Rod Serling’s The Twilight Zone – Season Three (1961 – 1962/Image Entertainment Blu-ray)
B+ Sound: B- Extras: A Episodes: B+
The Season One and Season Two Blu-ray sets of the original The Twilight Zone have easily become the best TV on Blu-ray set of
television series to date, from the amazing picture quality to the packaging to
the extras content. That the show is an
enduring classic does not hurt, but it sets the standard for how great TV on
Blu-ray can be and how all the great series should be handled.
who missed our coverage of the first sets, here are the links to our coverage,
which includes our opening discussion of this all-time classic in the Season One set:
was not easy to maintain a high quality standard due to the weekly grind of TV,
Serling and his other writers, filmmakers, actors and collaborators managed to
keep the show as top rate as possible and this season also produced its share
of classics. Their experiment/cost
cutting trail with videotaping on six shows the previous season was seen as an
idea that was best shelved, so the remaining shows were all shot in 35mm black
and white film.
list of these next 37 shows (episodes 66 – 102) includes the writer and
director listed, plus all include audio commentary tracks and (usually)
isolated music tracks in every case and some radio drama versions and sponsor
ads in many cases:
(Montgomery Pittman) – A new World War has caused the annihilation of the
population of the planet, but the planet is somehow in tact and the casualties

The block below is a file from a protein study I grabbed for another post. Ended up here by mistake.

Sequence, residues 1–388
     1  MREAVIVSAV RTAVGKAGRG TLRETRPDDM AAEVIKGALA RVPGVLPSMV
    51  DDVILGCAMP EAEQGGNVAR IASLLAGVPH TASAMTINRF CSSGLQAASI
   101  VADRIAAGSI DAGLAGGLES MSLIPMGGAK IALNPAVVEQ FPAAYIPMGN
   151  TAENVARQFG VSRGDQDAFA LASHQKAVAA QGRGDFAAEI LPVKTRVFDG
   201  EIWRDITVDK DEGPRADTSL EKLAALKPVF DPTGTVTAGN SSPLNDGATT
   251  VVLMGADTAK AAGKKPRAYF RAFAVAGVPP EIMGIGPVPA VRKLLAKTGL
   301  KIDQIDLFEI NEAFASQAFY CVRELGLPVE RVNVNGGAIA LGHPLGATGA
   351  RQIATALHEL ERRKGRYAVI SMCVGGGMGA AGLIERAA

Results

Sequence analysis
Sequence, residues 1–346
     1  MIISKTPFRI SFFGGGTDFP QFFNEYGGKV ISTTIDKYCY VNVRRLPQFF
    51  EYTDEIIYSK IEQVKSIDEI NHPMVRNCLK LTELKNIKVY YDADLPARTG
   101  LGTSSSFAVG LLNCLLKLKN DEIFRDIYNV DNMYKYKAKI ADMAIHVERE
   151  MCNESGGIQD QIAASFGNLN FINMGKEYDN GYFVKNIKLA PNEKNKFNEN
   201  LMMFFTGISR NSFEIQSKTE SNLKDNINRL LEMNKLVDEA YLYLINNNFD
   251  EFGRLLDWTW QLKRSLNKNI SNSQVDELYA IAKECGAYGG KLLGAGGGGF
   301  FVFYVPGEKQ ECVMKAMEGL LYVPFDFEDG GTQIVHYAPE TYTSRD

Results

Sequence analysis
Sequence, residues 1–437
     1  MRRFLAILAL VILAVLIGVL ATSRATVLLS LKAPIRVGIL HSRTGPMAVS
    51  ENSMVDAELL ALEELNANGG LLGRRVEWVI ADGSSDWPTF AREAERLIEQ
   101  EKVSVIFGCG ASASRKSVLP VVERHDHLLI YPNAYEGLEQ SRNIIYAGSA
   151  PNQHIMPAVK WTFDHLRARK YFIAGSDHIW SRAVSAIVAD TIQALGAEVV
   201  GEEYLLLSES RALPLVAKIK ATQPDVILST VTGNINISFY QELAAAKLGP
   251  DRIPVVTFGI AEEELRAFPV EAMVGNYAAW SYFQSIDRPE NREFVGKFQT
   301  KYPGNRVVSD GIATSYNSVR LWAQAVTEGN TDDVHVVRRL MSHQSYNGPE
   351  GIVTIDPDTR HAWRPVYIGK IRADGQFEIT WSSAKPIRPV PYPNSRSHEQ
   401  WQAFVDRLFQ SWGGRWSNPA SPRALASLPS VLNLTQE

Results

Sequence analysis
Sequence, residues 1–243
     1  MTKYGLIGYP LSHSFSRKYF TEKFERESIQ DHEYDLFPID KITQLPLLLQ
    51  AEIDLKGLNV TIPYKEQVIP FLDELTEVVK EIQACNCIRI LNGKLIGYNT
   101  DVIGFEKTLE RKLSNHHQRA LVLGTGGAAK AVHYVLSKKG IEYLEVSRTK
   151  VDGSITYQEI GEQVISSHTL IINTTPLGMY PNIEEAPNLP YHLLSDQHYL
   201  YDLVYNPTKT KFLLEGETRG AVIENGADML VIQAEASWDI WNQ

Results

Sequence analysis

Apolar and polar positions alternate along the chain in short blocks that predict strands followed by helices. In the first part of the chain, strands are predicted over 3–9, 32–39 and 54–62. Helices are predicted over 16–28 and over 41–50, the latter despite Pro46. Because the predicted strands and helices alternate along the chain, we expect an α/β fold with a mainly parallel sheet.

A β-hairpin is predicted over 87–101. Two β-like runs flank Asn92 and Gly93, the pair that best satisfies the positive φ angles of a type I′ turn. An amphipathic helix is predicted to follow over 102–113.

include almost all of the armies who fought.
The exceptions are two opponents (Elizabeth Montgomery and Charles
Bronson) from opposite sides. Will they
follow to the death?
Arrival (Rod Serling/Boris Sagal) – An airplane keeps its flight
schedule exactly, but there is one problem; the passengers, pilot and crew are
Shelter (Rod Serling/Lamont Johnson) – A local doctor (Larry Gates) is
the only one in his area taking seriously the idea of building and maintaining
a bomb shelter, until he is having a birthday party with neighbors and the
radio announces a nuclear alert.
Suddenly everyone wants in, but he only has room for his family and a
more personal conflict begins!
Passerby (Rod Serling/Elliot Silverstein) – A widowed woman (Joanna
Linville) is waiting for her late husband’s remains to arrive and starts
talking to other soldiers who happen to show up, then more and more of them
also show up and something is definitely wrong.
James Gregory also stars.
5) A Game
Of Pool (George Clayton Johnson/A.E. Houghton) – Jessie Cardiff (Jack
Klugman) is a pool player who seems unbeatable and is getting tired of winning
all the time and is sick of comparisons to the late “Fats” Brown (Jonathan
Winters), so he wishes aloud that he could play him… and “Fats” shows up! A great classic that remains one of the most
discussed and analyzed shows of all.
6) The Mirror
(Rod Serling/Don Medford) – Peter Falk is a Fidel Castro-like dictator who has
taken power of his country, but his coup may be unstable as the large mirror in
his office keeps showing his people conspiring to kill him. He starts killing them off slowly, which
leads down to a road he will never forget.
Grave (Montgomery Pittman) – Lee Marvin, James Best, Strother Martin
and Lee Van Cleef star in this creepy twist on the Western in which a gunman named
Miller (Marvin) goes looking for an enemy (Richard Geary) in a town where the